Article

How employment helps female victims of intimate partner violence: a qualitative study.

Department of Social and Behavioral Sciences, Boston University School of Public Health, Boston, MA 02118, USA.
Journal of Occupational Health Psychology (Impact Factor: 2.07). 05/2007; 12(2):136-43. DOI: 10.1037/1076-8998.12.2.136
Source: PubMed

ABSTRACT This exploratory, qualitative study documents ways in which being employed is helpful to victims of intimate partner violence (IPV). The authors conducted in-depth interviews with 21 women employed by a large health care organization in a major U.S. city. Through content analysis, the authors identified six ways in which employment was helpful to participants: by (1) improving their finances, (2) promoting physical safety, (3) increasing self-esteem, (4) improving social connectedness, (5) providing mental respite, and (6) providing motivation or a "purpose in life." Findings suggest that employment can play a critically important, positive role in the lives of IPV victims. The importance of flexible leave-time policies and employer assistance to IPV victims is discussed.

0 Bookmarks
 · 
92 Views
  • [Show abstract] [Hide abstract]
    ABSTRACT: Intimate partner violence (IPV) has detrimental consequences for women's mental health. To effectively intervene, it is essential to understand the process through which IPV influences women's mental health. The current study used data from 5 waves of the Women's Employment Study, a prospective study of single mothers receiving Temporary Assistance for Needy Families (TANF), to empirically investigate the extent to which job stability mediates the relationship between IPV and adverse mental health outcomes. The findings indicate that IPV significantly negatively affects women's job stability and mental health. Further, job stability is at least partly responsible for the damaging mental health consequences of abuse, and the effects can last up to 3 years after the IPV ends. This study demonstrates the need for interventions that effectively address barriers to employment as a means of enhancing the mental health of low-income women with abusive partners.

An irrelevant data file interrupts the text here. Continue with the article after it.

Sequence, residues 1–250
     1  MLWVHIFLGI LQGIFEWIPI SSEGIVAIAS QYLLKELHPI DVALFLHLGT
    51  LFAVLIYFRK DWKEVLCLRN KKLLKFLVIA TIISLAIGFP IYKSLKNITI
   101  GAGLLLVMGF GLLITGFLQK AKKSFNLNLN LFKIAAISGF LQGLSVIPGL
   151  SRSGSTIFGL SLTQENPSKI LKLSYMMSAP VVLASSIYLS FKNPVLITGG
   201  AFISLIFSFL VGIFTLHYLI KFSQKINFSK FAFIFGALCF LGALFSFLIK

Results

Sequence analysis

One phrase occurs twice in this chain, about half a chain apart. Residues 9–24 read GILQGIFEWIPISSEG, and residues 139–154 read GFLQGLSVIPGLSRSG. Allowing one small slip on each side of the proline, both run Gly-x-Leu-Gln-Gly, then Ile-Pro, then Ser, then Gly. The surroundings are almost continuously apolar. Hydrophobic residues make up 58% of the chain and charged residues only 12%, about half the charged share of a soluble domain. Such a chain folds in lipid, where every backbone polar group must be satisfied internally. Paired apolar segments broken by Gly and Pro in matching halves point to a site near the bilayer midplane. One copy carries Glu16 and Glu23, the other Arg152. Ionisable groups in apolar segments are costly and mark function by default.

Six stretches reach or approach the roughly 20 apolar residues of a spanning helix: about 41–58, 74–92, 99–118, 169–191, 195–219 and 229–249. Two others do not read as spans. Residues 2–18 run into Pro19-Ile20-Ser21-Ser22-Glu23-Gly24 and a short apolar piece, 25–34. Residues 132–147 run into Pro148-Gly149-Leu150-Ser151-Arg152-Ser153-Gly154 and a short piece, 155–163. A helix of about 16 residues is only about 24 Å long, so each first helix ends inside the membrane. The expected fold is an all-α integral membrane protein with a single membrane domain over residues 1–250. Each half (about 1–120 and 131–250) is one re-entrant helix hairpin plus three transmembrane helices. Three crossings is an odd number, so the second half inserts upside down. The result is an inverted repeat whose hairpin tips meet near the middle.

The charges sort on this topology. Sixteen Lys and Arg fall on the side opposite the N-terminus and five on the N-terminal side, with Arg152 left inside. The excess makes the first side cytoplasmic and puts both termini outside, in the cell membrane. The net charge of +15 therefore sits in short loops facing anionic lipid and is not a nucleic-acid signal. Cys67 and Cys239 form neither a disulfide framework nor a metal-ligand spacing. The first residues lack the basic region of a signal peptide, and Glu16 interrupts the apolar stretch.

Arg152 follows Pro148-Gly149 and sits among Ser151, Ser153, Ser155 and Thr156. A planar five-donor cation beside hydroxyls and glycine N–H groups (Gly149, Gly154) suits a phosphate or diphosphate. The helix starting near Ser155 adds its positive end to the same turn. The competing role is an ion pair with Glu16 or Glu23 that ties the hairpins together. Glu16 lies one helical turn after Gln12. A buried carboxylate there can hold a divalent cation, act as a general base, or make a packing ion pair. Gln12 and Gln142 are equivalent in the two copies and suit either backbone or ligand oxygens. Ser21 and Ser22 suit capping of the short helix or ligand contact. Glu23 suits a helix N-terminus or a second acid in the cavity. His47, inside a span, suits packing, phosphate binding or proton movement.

American Journal of Orthopsychiatry 10/2013; 83(4):600-8. · 1.60 Impact Factor
  • [Show abstract] [Hide abstract]
    ABSTRACT: This repeated measures, descriptive study investigated the effect of Music and Account-Making for Behavioral-Related Adaptation (MAMBRA), a group psychoeducation music intervention, on symptoms reported by 41 incarcerated and community women survivors of intimate partner violence (IPV). Psychosocial measurements included: the Center for Epidemiologic Studies Depression Scale; Speilberger State Anxiety Inventory; Rosenberg's Self Esteem Scale; the UCLA Loneliness Scale, version 3; and the Index of Spouse Abuse. MAMBRA was administered over four sessions for five groups of women. Through descriptive and univariate statistics, psychosocial measures positively changed across the MAMBRA sessions. These findings suggest MAMBRA impacted IPV symptoms and may be an efficacious intervention. Future longitudinal studies with diverse samples are warranted.
    Issues in Mental Health Nursing 05/2014; 35(5):344-55.

Full-text (2 Sources)

Download
122 Downloads
Available from
May 28, 2014